MIAAP pediatricians want more restraints than new tobacco act provides

Michigan pediatricians believe the passage of the Youth Tobacco Act, signed today by Gov. Gretchen Whitmer does not go far enough to curb youth electronic cigarette use.

            “We are disappointed that this legislation puts electronic cigarettes into a separate class from other tobacco and nicotine products, given the highly addictive properties and other adverse health effects.” says Jared Burkhart, Executive Director, Michigan Chapter, American Academy of Pediatrics (MIAAP), “However, Gov. Whitmer’s action is encouraging.  We urge all elected officials to strengthen the new law by banning vape flavors, subjecting vape products to our clean air laws, and taxing all nicotine delivery products in an equitable way.  Electronic cigarettes and the associated nicotine addiction open a direct path to other forms of nicotine use, such as cigarettes, and should be regulated as strictly as other tobacco products.”

            Gov. Whitmer signed SB106 and HB 155 which will take effect in 90 days. 

            “We are urging the Legislature to continue its work on this issue, starting with classification as a tobacco product, consistent with the Federal Drug Administration (FDA) and Center for Disease Control (CDC).”  explains Dr. Sharon Swindell, President, MIAAP.  “E-cigarettes have become the most common nicotine product used by youth and, as a consequence, we have a new generation of youth addicted to nicotine—many of whom will go on to be cigarette smokers.”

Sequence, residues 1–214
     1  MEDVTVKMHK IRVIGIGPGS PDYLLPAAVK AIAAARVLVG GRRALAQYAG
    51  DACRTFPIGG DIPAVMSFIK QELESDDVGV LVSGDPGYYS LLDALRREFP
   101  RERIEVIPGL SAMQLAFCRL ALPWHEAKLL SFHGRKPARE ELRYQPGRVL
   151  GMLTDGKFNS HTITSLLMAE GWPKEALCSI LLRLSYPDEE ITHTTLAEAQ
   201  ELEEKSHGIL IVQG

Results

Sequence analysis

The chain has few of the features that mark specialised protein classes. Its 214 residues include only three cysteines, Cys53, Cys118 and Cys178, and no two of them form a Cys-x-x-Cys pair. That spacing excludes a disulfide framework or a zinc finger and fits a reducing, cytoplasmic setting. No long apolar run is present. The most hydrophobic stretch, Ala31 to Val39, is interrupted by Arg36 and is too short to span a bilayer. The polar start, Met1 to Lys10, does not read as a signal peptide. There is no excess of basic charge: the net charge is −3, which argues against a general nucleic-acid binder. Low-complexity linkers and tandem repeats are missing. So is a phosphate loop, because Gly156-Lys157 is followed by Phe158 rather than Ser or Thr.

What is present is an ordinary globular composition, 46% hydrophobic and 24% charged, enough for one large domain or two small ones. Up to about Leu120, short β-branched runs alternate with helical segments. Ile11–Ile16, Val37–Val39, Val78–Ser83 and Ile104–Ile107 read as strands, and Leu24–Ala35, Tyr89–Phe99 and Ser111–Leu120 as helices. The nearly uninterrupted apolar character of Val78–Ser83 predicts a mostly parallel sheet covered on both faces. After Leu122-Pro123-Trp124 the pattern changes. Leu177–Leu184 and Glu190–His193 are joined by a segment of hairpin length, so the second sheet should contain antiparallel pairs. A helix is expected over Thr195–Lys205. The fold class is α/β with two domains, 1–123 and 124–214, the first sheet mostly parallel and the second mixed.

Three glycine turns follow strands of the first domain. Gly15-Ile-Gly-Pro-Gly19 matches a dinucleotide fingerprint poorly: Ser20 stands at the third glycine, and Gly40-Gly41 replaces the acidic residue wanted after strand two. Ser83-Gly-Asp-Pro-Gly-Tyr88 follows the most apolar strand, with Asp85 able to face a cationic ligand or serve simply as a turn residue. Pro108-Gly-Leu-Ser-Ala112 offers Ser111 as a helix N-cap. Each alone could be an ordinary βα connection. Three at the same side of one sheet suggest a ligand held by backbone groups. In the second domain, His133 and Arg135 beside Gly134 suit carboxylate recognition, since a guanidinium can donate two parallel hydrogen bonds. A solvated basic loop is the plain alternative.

A 2018 survey showed 21 percent of high school students and 5 percent of middle school students used e-cigarettes, a dramatic increase in just one year.  Federal regulation ban e-cigarette sales to people under age 18.  Aggressive marketing campaign by e-cigarette manufacturers, many of which are owned by tobacco companies – entice young smokers with flavorings and advertising that appeals to youth. 

            Adolescents and young adults ages 14-30 who have used e-cigarettes are 3.6 times more likely to report using convention cigarettes later, according to recent studies.


MIAAP is a nonprofit, professional organization of more than 1,400 Michigan pediatricians, dedicated to the optimal physical, mental and social health for all infants, children, adolescents and young adults.